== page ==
Articles > > A Number of Questions
Articles - Addostour - Date: 2019-10-23
Germany's interesting proposal to 'internationalize' the Northern Syria safe zone in collaboration with Russia and Turkey raises a number of questions.
Russia found it worth looking into, while both Turkey and Damascus have remained silent on the issue.
The proposal would accord the border strip's inhabitants a sense of security, especially the Kurds, who fear displacement and ethnic cleansing. It may also send a reassuring message to Damascus, as it would prevent unilateral Turkish security and administrative control that is fraught with Ankara's ambitions of annexation, expansion, and sustained hegemony over the area.
However, the proposal inevitably raises a number of questions:
What would happen with regard to the PKK [Kurdish Workers' Party] and SDF [Syrian Democratic Forces]? Would they have a role in this area? The proposal did not address this issue, but since it assumes Turkish oversight, it would be logical to conclude that the Kurdish militias would have no place there. More importantly, does the German proposal totally exclude the Syrian government and regime forces from a role in any of the arrangements in the area? Would Damascus agree to being excluded and expelled from its own territories? How would its allies respond in that case?
What is the mandate and timeframe set for making arrangements in the area? How does it relate to resolving the refugee issue? Will Germany and NATO humor the Turks in their quest to resettle the [Turkish-based] Syrian refugees in the border strip so as to close the door to the possibility of receiving new waves of refugees and pull the rug out from under Erdogan's feet?
What about the areas that the Syrian army has entered and redeployed to accompany the Russian forces? Will it be asked to withdraw from them? Are they to be excluded from the safe zone? Or will they be part of the new formula that accounts for the Syrian army and governments role?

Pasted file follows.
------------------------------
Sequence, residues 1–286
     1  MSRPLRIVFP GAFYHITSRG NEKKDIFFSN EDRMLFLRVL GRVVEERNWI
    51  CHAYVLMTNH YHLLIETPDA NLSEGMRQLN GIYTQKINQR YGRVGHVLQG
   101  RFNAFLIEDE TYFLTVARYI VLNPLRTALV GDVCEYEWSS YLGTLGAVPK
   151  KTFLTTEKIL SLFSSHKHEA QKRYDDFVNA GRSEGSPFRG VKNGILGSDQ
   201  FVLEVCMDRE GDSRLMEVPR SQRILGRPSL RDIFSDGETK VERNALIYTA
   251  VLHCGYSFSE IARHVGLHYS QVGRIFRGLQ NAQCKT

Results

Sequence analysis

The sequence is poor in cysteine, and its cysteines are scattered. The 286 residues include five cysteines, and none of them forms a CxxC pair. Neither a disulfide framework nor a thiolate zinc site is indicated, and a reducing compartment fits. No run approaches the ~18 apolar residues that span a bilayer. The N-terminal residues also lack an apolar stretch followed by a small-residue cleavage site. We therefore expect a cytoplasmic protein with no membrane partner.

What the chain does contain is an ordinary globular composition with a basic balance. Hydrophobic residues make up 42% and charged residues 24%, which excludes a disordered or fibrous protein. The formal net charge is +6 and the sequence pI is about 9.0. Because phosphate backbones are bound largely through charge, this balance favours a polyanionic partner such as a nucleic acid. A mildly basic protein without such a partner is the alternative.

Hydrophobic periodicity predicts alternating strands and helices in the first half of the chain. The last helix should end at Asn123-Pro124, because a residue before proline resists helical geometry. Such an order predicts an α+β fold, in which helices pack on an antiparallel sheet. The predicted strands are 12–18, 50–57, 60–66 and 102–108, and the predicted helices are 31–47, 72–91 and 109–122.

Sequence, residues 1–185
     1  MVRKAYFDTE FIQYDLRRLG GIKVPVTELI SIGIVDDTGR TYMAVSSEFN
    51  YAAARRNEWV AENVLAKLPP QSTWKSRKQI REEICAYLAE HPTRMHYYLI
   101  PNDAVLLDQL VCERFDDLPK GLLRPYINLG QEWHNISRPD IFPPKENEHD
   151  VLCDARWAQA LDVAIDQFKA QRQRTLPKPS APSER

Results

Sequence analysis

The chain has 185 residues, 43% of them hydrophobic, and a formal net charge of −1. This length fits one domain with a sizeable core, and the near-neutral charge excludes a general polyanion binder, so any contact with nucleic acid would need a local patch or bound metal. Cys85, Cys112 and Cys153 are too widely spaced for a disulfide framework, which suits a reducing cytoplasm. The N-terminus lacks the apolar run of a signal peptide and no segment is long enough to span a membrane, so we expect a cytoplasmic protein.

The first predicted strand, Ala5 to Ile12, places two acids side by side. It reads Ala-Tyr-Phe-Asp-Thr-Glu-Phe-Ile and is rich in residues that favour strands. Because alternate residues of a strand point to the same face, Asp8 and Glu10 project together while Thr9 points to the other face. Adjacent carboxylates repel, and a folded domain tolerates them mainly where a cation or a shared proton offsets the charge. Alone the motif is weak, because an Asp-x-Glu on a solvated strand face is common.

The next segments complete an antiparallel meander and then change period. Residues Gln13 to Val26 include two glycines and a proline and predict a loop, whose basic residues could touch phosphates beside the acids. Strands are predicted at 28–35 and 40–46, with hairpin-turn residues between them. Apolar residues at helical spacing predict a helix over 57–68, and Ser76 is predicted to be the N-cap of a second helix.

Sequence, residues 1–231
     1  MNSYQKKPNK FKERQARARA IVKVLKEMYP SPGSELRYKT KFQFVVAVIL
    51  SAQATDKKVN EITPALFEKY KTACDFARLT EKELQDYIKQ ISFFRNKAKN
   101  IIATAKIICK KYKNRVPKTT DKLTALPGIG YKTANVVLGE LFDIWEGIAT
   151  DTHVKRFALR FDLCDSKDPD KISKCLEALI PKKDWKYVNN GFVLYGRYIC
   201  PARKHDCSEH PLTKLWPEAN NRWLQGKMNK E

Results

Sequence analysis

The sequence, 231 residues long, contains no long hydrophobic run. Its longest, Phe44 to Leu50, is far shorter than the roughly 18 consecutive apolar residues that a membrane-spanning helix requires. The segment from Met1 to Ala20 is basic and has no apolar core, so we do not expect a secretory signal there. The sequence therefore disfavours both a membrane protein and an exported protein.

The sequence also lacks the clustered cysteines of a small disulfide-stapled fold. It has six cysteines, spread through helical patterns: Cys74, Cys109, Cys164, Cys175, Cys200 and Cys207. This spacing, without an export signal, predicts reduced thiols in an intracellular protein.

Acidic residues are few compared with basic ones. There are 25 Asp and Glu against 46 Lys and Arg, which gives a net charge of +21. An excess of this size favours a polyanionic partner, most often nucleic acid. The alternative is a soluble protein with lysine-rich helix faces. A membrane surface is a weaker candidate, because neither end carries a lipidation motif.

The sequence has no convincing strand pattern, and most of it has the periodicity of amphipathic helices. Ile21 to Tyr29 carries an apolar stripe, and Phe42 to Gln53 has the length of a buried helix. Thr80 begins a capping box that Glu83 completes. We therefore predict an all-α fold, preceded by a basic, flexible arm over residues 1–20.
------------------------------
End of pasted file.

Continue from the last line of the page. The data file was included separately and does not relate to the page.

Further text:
As for involving Turkey in overseeing the safe zone, does that entail resorting to its affiliate Syrian militias under the umbrella of the so-called Syrian National Army [former FSA]? Could Damascus and its allies possibly accept such this, especially since this armed force and its units have spent years fighting among the ranks of the Nusra Front and Ahrar ash-Sham and even alongside the terrorist ISIS? What will be the fate of this 'army' if it no longer has a role in the border strip? Will it be redeployed to Idlib, which the Syrian president visited yesterday, his timing notably coinciding with Putin and Erdogan's Sochi meeting?
If Germany (and Europe in general) has a vested interest in fending off new waves of refugees and sealing the cracks that would allow ISIS to seep back into the area, could it and its NATO allies end up acting as a stabilizing factor in Northern Syria, while at the same time taking a hardline stance against the regime in Damascus and imposing U.S. and European sanctions on Syria?
Is this proposal meant to offer a threshold for peace, or a new platform for escalation? And where does Damascus stand amidst all this activity?
Such questions abound, and they (and many more) will undoubtedly be raised at the negotiating table with Russia to discuss the German proposal, as promised.
"It will also be the subject of many discussions and consultations among a number of capitals, especially within the Astana trio, i.e. between Damascus and its allies in Tehran and Moscow.